Solzhenitsyn's unflinching accounts of torment and survival in the Soviet Union's slave labor camps riveted his countrymen, whose secret history he exposed. They earned him 20 years of bitter exile, but international renown. And they inspired millions, perhaps, with the knowledge that one person's courage and integrity could, in the end, defeat the totalitarian machinery of an empire.I think John Donne's poem is more appropriate here than anywhere else!
DEATH be not proud, though some have called theeA great voice for freedom (and one that suffered a lot due to the lack of it) is no more.
Mighty and dreadfull, for, thou art not so,
For, those, whom thou think'st, thou dost overthrow,
Die not, poore death, nor yet canst thou kill me. - John Donne
Alexander Solzhenitsyn, who has died aged 89 was not only a great, but a passionately committed writer – he believed it was his moral duty, in the face of systematic totalitarian obfuscation, to record Russia's 20th-century experience for posterity.Maybe one of these days I will get around to reading the Gulag Archipelago - have 2/3 volumes sitting in the basement in boxes -- picked up at a sale more than a decade back! I think the box also contains his "One Day in the Life of Ivan Denisovich". (I checked; do not have "One day..". I have a copy of "The Love-Girl and the Innocent".)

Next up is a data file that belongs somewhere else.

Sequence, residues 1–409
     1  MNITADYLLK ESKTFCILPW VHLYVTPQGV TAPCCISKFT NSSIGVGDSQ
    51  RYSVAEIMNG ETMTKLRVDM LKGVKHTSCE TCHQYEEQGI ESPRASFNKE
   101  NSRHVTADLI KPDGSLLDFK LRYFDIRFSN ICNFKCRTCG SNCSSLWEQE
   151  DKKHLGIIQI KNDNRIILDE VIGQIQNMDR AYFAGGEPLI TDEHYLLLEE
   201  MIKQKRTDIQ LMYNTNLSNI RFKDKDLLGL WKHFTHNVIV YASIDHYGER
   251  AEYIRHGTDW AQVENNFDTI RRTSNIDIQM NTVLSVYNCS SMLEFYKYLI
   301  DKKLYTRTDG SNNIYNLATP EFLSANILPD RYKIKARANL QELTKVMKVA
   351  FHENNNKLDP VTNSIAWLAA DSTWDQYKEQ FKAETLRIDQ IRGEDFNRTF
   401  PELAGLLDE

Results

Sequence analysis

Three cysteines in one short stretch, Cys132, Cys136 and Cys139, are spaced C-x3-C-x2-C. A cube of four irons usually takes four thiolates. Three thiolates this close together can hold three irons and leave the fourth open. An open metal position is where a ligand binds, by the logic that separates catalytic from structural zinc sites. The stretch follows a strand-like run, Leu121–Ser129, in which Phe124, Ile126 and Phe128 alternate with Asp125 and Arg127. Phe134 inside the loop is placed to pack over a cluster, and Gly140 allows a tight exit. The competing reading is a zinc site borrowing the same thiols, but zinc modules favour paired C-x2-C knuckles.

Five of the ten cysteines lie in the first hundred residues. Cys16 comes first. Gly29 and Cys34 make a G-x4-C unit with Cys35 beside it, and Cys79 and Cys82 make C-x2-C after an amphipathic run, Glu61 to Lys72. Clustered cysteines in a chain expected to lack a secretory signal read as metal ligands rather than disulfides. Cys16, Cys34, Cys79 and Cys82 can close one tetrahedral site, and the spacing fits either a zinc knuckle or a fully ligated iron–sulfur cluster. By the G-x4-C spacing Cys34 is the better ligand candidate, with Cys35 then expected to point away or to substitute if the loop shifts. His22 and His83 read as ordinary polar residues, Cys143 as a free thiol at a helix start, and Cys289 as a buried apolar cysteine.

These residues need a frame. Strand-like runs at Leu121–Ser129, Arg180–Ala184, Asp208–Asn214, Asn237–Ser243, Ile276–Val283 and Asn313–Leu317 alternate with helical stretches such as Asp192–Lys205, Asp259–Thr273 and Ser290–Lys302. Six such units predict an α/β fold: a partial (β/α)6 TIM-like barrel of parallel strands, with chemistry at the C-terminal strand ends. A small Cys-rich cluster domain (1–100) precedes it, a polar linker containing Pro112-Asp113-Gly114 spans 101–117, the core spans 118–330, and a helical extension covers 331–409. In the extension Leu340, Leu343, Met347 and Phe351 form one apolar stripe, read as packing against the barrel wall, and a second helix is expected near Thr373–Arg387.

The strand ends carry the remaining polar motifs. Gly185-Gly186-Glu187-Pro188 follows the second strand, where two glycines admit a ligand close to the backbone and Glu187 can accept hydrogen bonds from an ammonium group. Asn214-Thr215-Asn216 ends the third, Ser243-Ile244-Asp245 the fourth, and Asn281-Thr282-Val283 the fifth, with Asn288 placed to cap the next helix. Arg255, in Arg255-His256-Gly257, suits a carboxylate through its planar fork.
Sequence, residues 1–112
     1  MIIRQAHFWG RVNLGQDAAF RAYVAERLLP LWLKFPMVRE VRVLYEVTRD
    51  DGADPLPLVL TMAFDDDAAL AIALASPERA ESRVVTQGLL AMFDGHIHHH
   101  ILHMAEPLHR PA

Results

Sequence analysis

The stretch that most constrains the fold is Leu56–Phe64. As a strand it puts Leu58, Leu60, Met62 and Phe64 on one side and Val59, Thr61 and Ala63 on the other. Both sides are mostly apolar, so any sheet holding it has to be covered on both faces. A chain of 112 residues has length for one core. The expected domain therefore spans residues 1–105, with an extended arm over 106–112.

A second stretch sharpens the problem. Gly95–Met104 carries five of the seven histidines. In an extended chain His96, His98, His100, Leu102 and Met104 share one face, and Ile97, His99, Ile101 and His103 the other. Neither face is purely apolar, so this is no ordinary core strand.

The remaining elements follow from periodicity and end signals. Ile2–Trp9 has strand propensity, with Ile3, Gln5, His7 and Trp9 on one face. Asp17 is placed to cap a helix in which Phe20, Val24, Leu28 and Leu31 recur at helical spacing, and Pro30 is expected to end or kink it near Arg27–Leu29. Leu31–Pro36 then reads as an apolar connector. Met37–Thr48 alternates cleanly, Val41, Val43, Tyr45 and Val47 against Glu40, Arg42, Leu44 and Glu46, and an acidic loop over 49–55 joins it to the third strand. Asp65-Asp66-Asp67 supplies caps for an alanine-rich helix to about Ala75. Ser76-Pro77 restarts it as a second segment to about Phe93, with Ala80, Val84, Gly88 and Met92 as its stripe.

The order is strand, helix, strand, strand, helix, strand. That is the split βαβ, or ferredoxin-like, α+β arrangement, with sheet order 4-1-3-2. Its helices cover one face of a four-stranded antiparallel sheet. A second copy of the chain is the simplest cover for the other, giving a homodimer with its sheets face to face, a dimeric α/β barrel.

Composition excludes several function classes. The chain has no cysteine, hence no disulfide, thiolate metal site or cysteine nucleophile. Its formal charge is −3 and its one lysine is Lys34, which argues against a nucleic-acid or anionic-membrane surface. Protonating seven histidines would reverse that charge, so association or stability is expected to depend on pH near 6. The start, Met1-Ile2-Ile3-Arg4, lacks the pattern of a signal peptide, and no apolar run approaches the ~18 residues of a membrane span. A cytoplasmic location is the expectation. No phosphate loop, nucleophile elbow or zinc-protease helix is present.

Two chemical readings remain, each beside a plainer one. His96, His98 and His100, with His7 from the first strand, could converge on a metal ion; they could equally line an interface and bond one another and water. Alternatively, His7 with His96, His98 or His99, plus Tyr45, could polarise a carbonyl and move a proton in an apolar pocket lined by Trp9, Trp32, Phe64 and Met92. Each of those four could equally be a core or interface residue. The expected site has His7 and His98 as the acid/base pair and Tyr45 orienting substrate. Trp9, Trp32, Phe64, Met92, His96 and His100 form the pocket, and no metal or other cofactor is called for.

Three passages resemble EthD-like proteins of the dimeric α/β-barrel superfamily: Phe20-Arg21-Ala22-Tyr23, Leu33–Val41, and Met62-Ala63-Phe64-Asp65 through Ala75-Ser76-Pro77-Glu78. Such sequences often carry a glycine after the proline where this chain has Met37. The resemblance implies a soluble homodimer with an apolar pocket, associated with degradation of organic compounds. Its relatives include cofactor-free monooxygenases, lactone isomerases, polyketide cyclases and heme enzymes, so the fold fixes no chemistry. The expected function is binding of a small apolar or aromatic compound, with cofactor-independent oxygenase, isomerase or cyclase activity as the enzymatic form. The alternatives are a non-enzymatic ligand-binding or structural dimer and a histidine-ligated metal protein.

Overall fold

Note to self: A quote from Solzhenitsyn that I used to have in my .sig file a decade back!
"A man is happy so long as he chooses to be happy and nothing can stop him."